Treatment rates for PTSD and depression in recently hospitalized cardiac patients
Posttraumatic stress disorder (PTSD) and depression are common after evaluation for suspected acute coronary syndrome (ACS), and are associated with poor prognosis. However, it is unclear whether patients discharged after suspected ACS access treatments for subsequent psychological distress. We examined self-reported rates of receiving psychotherapy and/or medication for psychological distress in patients one month after a suspected ACS event.
A sample of 448 adults (age 60.4 ± 12.5; 47.8% female; 52.7% Hispanic, 32.1% Black) presenting to the emergency department with suspected ACS were recruited for the REactions to Acute Care and Hospitalization (REACH) study, an ongoing cohort study of medical and psychological outcomes after ACS evaluation. Socio-demographics and depressive symptoms were assessed in-hospital, and PTSD symptoms related to the suspected ACS event were queried via phone one month after enrollment. Participants also indicated whether they received either medication or counseling to deal with their emotions and coping after their heart problem.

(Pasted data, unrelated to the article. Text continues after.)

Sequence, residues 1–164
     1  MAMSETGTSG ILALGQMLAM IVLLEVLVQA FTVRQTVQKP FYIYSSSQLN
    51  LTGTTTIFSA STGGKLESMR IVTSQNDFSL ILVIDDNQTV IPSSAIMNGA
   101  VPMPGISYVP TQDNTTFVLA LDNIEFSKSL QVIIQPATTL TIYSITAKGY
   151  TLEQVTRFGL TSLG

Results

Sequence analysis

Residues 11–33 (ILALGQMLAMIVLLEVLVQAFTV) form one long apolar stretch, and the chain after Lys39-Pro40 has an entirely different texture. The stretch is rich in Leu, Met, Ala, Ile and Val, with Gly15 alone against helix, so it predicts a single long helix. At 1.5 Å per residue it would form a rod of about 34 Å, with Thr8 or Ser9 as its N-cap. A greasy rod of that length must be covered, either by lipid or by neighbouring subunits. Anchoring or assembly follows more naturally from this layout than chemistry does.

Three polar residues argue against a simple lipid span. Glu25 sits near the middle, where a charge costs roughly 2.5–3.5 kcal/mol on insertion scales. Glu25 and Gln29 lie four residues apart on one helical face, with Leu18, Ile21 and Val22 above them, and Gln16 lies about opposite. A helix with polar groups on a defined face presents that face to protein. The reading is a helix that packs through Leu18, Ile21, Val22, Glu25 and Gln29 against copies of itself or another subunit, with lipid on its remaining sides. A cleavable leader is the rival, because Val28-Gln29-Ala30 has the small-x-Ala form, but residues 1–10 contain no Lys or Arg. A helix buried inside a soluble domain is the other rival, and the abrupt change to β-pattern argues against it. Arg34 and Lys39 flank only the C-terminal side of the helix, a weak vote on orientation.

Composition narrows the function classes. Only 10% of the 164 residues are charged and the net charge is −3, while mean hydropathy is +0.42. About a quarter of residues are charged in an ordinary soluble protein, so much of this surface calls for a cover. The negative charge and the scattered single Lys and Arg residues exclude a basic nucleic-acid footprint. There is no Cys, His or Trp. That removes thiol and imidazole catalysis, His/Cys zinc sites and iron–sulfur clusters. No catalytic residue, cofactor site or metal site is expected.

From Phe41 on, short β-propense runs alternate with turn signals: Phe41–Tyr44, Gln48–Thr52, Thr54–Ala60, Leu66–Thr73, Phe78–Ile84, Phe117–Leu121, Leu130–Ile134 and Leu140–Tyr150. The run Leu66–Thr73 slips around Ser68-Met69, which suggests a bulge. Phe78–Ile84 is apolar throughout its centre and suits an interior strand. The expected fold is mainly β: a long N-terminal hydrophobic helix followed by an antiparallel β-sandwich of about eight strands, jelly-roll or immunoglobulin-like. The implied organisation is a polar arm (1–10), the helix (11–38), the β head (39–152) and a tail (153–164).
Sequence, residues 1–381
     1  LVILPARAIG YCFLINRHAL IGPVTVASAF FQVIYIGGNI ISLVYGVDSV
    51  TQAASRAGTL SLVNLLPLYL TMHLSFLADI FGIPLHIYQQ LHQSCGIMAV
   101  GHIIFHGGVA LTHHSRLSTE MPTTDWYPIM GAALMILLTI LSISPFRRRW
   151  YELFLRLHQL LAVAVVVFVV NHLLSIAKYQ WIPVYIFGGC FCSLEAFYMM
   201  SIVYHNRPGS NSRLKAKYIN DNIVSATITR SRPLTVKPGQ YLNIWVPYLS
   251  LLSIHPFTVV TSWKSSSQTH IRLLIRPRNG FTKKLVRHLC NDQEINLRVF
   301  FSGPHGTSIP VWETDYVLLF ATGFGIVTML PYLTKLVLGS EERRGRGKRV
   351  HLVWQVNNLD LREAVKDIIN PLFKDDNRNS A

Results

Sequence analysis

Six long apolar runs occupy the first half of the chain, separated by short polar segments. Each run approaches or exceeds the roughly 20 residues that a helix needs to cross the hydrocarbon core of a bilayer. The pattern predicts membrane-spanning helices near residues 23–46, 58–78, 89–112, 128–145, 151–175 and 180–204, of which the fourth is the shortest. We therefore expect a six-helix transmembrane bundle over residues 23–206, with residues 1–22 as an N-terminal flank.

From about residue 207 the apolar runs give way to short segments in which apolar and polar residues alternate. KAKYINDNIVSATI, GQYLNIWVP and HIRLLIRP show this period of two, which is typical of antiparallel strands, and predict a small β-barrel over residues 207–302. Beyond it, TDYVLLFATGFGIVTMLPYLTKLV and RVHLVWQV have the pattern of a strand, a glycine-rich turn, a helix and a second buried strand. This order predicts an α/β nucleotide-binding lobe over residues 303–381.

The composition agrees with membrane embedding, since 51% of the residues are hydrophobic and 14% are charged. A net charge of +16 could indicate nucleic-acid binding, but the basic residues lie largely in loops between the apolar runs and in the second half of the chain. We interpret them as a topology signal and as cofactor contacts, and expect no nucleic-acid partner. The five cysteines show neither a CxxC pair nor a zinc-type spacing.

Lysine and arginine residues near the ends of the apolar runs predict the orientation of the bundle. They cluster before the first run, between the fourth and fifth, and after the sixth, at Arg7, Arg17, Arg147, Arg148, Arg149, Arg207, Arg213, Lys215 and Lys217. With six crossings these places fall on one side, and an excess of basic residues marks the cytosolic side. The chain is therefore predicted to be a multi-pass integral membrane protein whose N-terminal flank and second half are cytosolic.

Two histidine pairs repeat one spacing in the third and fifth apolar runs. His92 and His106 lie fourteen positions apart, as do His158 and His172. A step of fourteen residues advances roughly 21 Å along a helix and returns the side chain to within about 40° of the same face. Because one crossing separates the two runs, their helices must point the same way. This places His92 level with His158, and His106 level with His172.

Approximately 15% (n = 68) of the sample reported receiving some form of treatment. Treatment rate did not differ significantly as a function of demographics, ACS status, or insurance coverage, ps > 0.1. Over a quarter of participants (25.3%) who screened positive for PTSD and/or depression reported receiving treatment. Participants with PTSD and depression had a higher treatment rate (47.6%) vs. those with only depression (12.8%) or PTSD (30%) or no psychopathology (10.3%).
Findings suggest that 1 in 4 patients who screened positive for PTSD and/or depression reported receiving counseling or medication in the first month after a suspected ACS event.
- Sundquist J Psychosom Res 2016_PMC.pdf application/pdf 94.4 KB Download File
Also Published In
- Journal of Psychosomatic Research